Vitamin D synthesis is highly influenced by season, altitude, latitude, air pollution, skin pigmentation. There are other factors that can influence the absorption of vitamin D. For example, lifestyle (reducing children’s play time outdoors) and doctors’ advice regarding the sun exposure and the use of cosmetics (using sunscreen products) reduce cutaneous production of vitamin D [8], [9].

Vitamin D deficiency has various causes: insufficient exposure to sun, lack of vitamin D in the diet, inability to process vitamin D due to liver or kidney diseases, and inability to absorb vitamin D in the gut. During this period of life, certain drugs and diseases [13] such as intestinal tract infections, celiac disease, Crohn’s disease and cystic fibrosis, affect the bodys ability to absorb the necessary amounts of vitamin D through the intestinal tract [17], [18].

Years ago, the disease was diagnosed using clinical and radiological parameters because there was no analytical method for dosing vitamin D. In recent years, many laboratory techniques have been developed that allow dosing of vitamin D levels. At present, the most reliable marker of vitamin D status is 25(OH)D, serum-dosed. A high prevalence of vitamin D deficiency has been reported globally.

Studying the effect of this vitamin on bone health, it was possible to determine the optimal level of vitamin D in the body [3] and there has been found another method of measuring the vitamin D concentration. In this case, the ultrasonic osteodensimeter (QUS) is used that measures mineral density and bone hardness based on the measurement of ultrasound attenuation and the speed of sound, data that are used in calculating the calcaneal bone index [19], [20].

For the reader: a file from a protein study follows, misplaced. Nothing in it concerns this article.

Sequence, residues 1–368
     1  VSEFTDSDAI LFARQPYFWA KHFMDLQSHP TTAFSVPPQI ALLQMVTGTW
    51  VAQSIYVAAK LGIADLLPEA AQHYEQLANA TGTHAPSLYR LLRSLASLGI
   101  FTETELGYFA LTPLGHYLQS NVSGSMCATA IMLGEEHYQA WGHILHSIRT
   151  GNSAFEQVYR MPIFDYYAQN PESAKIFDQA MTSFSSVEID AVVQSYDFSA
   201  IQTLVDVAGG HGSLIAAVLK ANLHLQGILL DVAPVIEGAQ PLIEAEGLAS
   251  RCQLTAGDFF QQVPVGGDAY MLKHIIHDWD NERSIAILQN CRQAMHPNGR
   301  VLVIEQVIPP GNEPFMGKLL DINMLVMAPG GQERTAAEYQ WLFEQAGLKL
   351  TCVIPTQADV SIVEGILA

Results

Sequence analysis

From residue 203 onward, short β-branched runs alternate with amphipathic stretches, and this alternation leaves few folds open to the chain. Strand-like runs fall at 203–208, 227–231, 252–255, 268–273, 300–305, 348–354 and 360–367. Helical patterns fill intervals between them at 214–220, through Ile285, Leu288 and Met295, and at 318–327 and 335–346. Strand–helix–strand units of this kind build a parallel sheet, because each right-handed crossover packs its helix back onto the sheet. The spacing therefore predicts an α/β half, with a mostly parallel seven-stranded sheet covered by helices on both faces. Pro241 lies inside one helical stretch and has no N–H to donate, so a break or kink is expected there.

In Romania, testing of vitamin D levels is not settled by the National Health Insurance House; as it is an expensive test, it is rarely recommended by doctors for testing compared to other developed countries where this test is commonly performed in the population. Consequently, vitamin D deficiency is not known in Romania.


2. Materials and methods

A retrospective study was carried out by analysing the values recorded in the hospital’s electronic archive following the 25(OH)D dosing taken from 250 children aged between 1 month and 5 years, admitted to the Children’s Hospital of Sibiu, between January and December 2017.

The 25(OH)D dosing was performed from the serum, and for measuring concentration, an ELFA- type immunoassay test was used on a Vidas PC analyser, BioMerieux, France. The reagents used were from the BioMerieux Company. This immunoassay test uses a competitive assay principle using recombinant vitamin D binding protein. This principle allows the measurement of 25(OH)D2 and 25(OH)D3. For the 25(OH)D dosing, the patients in the study group were divided in three groups, namely: 1 month ÷ 1 year old, 1 ÷ 3 years old and 3 ÷ 5 years old.

Data processing was performed using the SPSS statistical program.


3. Results

42.5% of children were found with a concentration lower than 20 ng/ml of 25(OH)D, 36.4% of children had a concentration ranging from (20-29) ng/ml of 25(OH)D, and only 21.1% of the patients enrolled in the study had a level greater than 30ng/ml of 25(OH)D (Fig.1). A concentration of 25(OH)D marker above 30 ng/ml is defined as optimal vitamin D level. It has been established that the deficiency of 25(OH)D has a level of <20 ng/ml and insufficiency have a level of 25(OH)D between 21-30 ng/ml.

tabella 3

There were no significant differences between urban patients and rural patients.


In the study group, for deficiency and insufficiency levels of D25(OH)D, there were statistically significant differences in female patients compared to male patients, with lower values in female patients (p ~0,007/0,006).